Thursday, April 19, 2007

Abortion a Motherly Act?

Abortion a Motherly Act?
written by
Judie Brown, American Life League

How strange it is for me to receive an editorial from The Times in Great Britain on the day after more than 30 people were gunned down at Virginia Tech. Strange because the title of the commentary is "Abortion: why it's the ultimate motherly act."

Imagine a woman writing about the murderous act of abortion as the motherly thing to do. How very disturbing; how very understandable in a world where so many women have surrendered their motherhood on the surgical table of an abortion mill.

The writer of this article, Caitlin Moran, is such a mother ... the mother of a dead child. Perhaps she cannot live with her choice and so she fantasizes about the "good deed" she performed.

Perhaps reality is too frightening for her. She writes, "If women are, by biology, commanded to host, shelter, nurture and protect life, why should they not be empowered to end life too?"

Moran has two living children and, she tells the reader, she aborted a third child last year. She says it was one of the least difficult decisions of her life. She says she was simply too tired to have a baby. She also says, "I didn't want another child, in the same way that I don't suddenly want to move to Canada or buy a horse."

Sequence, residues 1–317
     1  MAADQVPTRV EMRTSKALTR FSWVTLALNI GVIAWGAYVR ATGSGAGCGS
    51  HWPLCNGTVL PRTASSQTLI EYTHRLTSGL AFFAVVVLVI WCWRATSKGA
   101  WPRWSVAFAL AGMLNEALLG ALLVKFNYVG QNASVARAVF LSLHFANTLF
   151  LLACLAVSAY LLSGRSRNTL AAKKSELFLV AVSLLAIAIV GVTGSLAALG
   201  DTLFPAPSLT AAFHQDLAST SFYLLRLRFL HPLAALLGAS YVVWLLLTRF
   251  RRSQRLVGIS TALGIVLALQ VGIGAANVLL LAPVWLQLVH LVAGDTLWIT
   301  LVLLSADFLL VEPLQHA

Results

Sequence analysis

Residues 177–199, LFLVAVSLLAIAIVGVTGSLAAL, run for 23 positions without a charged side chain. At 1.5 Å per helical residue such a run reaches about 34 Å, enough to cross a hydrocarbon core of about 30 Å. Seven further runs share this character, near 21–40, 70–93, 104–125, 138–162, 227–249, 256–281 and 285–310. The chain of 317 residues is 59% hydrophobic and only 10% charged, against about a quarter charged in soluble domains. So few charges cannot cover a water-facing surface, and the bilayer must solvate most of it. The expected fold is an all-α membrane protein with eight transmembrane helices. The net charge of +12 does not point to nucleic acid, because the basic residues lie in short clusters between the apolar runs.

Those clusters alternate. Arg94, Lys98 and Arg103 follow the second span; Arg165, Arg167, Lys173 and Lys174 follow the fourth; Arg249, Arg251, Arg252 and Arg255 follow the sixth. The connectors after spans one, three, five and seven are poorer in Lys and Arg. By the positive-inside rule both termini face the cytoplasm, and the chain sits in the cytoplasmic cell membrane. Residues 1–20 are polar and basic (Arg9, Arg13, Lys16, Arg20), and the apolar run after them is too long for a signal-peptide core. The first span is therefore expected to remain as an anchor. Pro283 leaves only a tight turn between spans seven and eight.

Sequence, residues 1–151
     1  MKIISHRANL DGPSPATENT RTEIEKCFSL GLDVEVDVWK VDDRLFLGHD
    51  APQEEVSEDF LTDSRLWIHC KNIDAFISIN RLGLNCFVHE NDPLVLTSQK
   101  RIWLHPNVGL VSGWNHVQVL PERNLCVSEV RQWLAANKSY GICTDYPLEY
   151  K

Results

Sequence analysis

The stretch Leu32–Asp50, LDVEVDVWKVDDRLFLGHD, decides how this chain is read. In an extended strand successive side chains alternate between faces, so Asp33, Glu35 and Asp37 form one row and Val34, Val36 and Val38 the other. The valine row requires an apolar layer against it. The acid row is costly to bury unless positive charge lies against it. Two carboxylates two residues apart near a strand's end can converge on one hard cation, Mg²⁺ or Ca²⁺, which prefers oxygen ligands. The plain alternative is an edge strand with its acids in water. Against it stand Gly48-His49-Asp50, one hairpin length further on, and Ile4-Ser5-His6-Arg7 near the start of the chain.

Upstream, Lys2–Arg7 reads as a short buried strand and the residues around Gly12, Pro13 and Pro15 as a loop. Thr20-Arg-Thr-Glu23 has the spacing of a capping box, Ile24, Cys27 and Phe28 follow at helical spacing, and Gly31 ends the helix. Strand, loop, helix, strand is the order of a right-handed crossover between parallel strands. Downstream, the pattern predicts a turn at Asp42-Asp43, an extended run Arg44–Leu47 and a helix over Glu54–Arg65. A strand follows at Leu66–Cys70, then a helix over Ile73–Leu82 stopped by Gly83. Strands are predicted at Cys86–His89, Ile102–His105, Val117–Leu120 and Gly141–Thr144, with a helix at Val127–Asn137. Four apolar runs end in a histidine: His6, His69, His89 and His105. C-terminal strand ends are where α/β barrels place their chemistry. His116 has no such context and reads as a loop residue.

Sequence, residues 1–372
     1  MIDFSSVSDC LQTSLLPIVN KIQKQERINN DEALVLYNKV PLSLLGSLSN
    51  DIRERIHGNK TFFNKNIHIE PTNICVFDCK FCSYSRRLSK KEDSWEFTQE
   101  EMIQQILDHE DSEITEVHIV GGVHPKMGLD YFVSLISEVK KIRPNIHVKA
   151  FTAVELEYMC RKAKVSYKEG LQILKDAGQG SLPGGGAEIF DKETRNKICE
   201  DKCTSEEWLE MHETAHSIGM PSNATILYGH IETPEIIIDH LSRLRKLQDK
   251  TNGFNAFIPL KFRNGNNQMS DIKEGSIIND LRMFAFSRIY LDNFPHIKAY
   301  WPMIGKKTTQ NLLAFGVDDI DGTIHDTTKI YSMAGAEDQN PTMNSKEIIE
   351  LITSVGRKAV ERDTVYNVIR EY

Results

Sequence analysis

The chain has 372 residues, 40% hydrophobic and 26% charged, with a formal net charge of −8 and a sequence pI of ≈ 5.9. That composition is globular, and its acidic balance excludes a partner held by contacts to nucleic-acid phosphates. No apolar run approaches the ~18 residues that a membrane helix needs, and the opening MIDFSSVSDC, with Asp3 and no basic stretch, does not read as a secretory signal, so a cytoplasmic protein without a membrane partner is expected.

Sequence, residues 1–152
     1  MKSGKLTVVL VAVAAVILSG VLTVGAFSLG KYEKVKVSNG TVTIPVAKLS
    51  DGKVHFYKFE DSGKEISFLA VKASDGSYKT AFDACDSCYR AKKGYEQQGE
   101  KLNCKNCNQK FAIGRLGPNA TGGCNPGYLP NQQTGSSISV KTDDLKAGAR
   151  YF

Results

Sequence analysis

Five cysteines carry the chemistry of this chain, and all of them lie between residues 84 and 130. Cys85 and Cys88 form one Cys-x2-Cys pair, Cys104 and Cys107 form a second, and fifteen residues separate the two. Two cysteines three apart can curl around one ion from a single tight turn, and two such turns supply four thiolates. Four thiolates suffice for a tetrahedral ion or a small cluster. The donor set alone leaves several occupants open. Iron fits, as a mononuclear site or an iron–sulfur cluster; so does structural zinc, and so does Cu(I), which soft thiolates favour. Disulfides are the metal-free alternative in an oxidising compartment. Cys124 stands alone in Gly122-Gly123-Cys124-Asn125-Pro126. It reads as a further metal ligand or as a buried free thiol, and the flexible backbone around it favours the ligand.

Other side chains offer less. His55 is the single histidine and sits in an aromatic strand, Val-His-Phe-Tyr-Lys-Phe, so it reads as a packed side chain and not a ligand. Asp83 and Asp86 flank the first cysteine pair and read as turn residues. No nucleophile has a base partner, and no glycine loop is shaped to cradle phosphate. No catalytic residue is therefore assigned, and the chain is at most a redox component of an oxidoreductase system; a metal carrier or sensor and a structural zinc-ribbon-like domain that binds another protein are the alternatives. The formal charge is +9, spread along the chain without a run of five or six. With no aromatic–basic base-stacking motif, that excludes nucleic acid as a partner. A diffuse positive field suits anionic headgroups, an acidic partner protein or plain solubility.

Need I quote further? She is telling us that a child and his or her fate is on a par with buying a horse. How much more dehumanizing can you get? I guess, for those of us who live in Virginia, we know part of that answer: 34 years of murdering the innocent in utero was bound to have consequences.

Violence does beget violence.

Tuesday, April 17, 2007

Virginia Tech Shooting Tragedy

Copied&Pasted directly from Xanga Webpage.

I think that I may seem callous about the brief mention I made of the Virginia Tech shooting yesterday. I do care, and deeply. However at the time, I wasn't aware of the facts, of the death toll, and the situation, as I hadn't been online more than long enough to check my email and write a few sentences here on Xanga.